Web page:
On a constituitive model, a God’s utterly unique character functions like a “nature” that things have in common. But unlike a nature such as ‘humanity’ which only some things have in common, a God’s character is what all things have in common. Not everything is organic, or conscious, or even temporal, or whatever. But everything is itself. That’s what metaphysical individuality is; what the ancient Platonists called “unity” or “henos.” It’s what absolutely all things, no matter what, have in common. Each thing is its own one, individuated thing. What every self has in common is ‘Self’; what each one has in common is ‘One-ness’. Be it concrete or abstract, actual or potential, it doesn’t matter: each thing has it in common at the very least that it is one, individual thing.

On such a model as this, each God will function in this capacity as the individuator of all thing; the One, so that for anything to be one thing just is for it to take after that deity. Zeus, for example, will function like a form, say, ‘Zeuseity’, and in this capacity be the ‘Self’ of all ‘selves’ such that for anything to be one thing just is for it to be ‘zeusaic’. So too for each God, such as Odin functioning like ‘Odinity’, and all things insofar as they are one being ‘odinic’, etc.

So it’s not that ‘One-ness’ decides to start creating ones, or to do so with any particular kind of ones in mind; the divine natures don’t cause anything, intentionally or otherwise. Rather, they constitute.

As stated above, then, it’s not divine intentions on theism that lead us to expect things; that’s not how theism makes predictions. Rather, it’s divine constitution.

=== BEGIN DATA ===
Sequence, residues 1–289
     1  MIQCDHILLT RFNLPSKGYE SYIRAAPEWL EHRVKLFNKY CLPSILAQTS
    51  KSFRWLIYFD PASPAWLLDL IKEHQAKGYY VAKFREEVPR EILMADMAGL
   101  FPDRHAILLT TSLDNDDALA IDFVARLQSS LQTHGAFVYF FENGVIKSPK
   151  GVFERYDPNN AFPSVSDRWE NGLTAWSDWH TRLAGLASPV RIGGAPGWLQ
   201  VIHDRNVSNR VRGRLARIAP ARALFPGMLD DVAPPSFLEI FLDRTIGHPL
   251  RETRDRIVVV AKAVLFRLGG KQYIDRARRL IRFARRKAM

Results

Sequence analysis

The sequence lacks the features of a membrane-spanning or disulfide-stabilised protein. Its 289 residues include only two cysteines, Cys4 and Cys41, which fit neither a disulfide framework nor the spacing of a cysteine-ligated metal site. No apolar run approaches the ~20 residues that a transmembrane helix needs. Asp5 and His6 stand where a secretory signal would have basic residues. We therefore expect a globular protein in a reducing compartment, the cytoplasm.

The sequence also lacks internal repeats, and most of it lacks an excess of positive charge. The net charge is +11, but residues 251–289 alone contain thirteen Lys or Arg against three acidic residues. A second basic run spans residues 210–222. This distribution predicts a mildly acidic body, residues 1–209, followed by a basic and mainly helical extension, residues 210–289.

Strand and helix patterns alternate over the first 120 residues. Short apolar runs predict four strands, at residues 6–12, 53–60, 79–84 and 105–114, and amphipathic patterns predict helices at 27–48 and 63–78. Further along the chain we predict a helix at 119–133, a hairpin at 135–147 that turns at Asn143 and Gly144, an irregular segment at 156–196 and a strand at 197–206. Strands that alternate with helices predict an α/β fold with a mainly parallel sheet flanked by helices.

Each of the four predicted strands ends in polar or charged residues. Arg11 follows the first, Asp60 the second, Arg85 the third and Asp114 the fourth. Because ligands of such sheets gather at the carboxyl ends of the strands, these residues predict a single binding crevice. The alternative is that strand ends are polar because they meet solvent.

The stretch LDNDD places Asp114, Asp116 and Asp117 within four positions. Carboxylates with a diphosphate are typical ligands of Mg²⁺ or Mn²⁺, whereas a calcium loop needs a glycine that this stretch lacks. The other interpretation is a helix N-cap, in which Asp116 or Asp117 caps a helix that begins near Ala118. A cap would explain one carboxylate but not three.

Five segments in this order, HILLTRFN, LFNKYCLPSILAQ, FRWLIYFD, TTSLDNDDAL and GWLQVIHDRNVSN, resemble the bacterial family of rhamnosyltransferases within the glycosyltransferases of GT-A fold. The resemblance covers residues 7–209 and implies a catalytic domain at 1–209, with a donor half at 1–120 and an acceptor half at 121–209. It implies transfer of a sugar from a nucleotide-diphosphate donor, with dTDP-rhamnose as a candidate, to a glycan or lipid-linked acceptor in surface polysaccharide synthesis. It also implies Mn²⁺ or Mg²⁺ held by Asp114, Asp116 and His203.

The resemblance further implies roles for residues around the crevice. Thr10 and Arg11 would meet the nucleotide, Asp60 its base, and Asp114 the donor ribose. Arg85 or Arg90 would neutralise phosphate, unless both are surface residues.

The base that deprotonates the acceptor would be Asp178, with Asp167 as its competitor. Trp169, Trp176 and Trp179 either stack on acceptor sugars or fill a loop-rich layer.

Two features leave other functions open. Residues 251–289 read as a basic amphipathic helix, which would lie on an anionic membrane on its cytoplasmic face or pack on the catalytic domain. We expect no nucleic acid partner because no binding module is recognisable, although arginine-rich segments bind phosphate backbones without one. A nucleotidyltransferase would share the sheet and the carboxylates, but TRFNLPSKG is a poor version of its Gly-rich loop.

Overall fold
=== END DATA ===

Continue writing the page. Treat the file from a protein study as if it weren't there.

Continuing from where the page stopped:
How does divine constitution do that? Because by identifying the different “ways” in which one can partake of Unity, we can map out a hierarchy of categories or types of being. The closer these categories are to Unity, the more general and abstract they are. The more remote they are to Unity, the more specific they are. In the end, we have a picture of an all-encompassing whole with different strata. The Platonists, over the course of centuries, drew this map more or less like this:

Unity predicts Being, Being predicts Life, Life predicts Intellect, Intellect predicts Soul, and Soul predicts Body.

The Platonic deduction is unfortunately so often cast in arcane vocabularies, and Platonists disagreed with each other on many of the details. I try to present this idea in easier to digest language in chapter 3 of my book. But the takeaway here is that there is an entirely different way of understanding theistic predictions than what is customary nowadays, and the argument shows no awareness of it.

I hope if nothing else that this short series encourages people to think through these matters in new ways. Much, much more work needs to be done before anything so simple as the initial abductive case can so casually be given.


One thought on “Under the Microscope Part 2: An Abductive Case Against Theism

  1. I found your example of the difference between causal models of the First Principle, and constitutive models of the First Principle a useful distinction. Much else to mull over here, thank you.